In an effort to visualize Ontario’s impact across the United States, the University of Toronto’s Munk School of Global Affairs, in collaboration with the Government of Ontario, has developed an interactive map showing how Ontario-based businesses are spread across America.

“We are pleased to have worked with the Government of Ontario on this timely and important project,” says Randall Hansen, interim director of the Munk School.

The map, developed by Deanna Horton, fellow at the Munk School, with research assistance from Munk School and U of T students, is fashioned after similar projects like the CanAsia Footprint map which illustrates Canada’s trade relationship with Asia.

“The map tells a story about the integration of Ontario companies into local economies,” says Horton. “If a small business is interested in the U.S. market and wants to know who else in the sector has established a presence, the map is available for consultation 24/7. If banks or service businesses are interested in potential Canadian clients in the U.S., they can use this map to find them. It’s also helpful for job-seekers.”

The map uses colour-coded points to represent subsidiaries of Ontario companies in eight sectors:

  • agriculture/fish/food
  • automotive/defence/aerospace
  • financial/business services/energy/extractive/environment
  • information/communication technology
  • infrastructure/engineering/ transport/construction
  • manufacturing
  • other services

Users can search the map by state, congressional district or by company name and see at a glance how densely Ontario businesses populate any given area. Horton says it’s a valuable resource for governments in Canada and the USA in light of the current North American Free Trade (NAFTA) renegotiations.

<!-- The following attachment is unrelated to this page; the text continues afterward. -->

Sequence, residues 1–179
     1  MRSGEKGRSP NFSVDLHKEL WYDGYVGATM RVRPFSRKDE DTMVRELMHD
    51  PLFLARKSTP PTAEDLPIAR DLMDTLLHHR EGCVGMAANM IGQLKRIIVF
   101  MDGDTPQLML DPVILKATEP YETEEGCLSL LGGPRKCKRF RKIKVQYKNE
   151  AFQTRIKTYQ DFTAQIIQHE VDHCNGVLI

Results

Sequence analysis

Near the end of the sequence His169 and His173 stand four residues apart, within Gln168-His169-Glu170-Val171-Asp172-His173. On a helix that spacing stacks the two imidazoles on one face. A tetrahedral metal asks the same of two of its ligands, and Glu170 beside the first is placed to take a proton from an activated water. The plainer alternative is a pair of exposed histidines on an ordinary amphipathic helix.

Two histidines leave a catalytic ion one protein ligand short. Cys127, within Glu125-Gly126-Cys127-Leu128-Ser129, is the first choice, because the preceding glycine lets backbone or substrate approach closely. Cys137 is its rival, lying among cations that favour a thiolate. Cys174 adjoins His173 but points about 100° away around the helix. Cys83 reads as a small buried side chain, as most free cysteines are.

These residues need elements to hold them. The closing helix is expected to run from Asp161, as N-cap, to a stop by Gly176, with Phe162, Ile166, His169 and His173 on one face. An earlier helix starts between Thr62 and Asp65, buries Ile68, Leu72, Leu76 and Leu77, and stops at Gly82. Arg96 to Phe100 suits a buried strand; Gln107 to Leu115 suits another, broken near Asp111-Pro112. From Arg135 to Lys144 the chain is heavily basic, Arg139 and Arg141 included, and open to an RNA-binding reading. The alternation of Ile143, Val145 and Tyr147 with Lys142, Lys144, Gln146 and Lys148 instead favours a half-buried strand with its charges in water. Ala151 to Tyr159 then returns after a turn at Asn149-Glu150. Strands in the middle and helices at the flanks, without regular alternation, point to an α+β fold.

“Since the NAFTA came into effect, companies from Ontario have been taking advantage of the larger U.S. market. Not only manufacturing but also services and tech-related firms. And not just for large companies — small and medium-sized enterprises (SMEs) represent almost three-quarters of all locations on the map. SMEs are the bedrock of Canadian communities and this pattern is repeated in the U.S.,” says Horton.

While the federal government is the lead on NAFTA renegotiation, the Government of Ontario has also been active at the state and local level to emphasize the importance of open borders to North America’s well-being.  For example, Ontario Premier Kathleen Wynne’s government successfully negotiated with New York State to neutralize “Buy American” policies that could have negatively impacted Ontario.

“When states and local governments are under pressure to institute ‘Buy American’ regulations, the map is a tool to fight back. When members of the U.S. Senate and House of Representatives are considering legislation that would be potentially harmful to Canadian interests, the map is a reminder of Ontario’s footprint,” says Horton.

September 20, 2017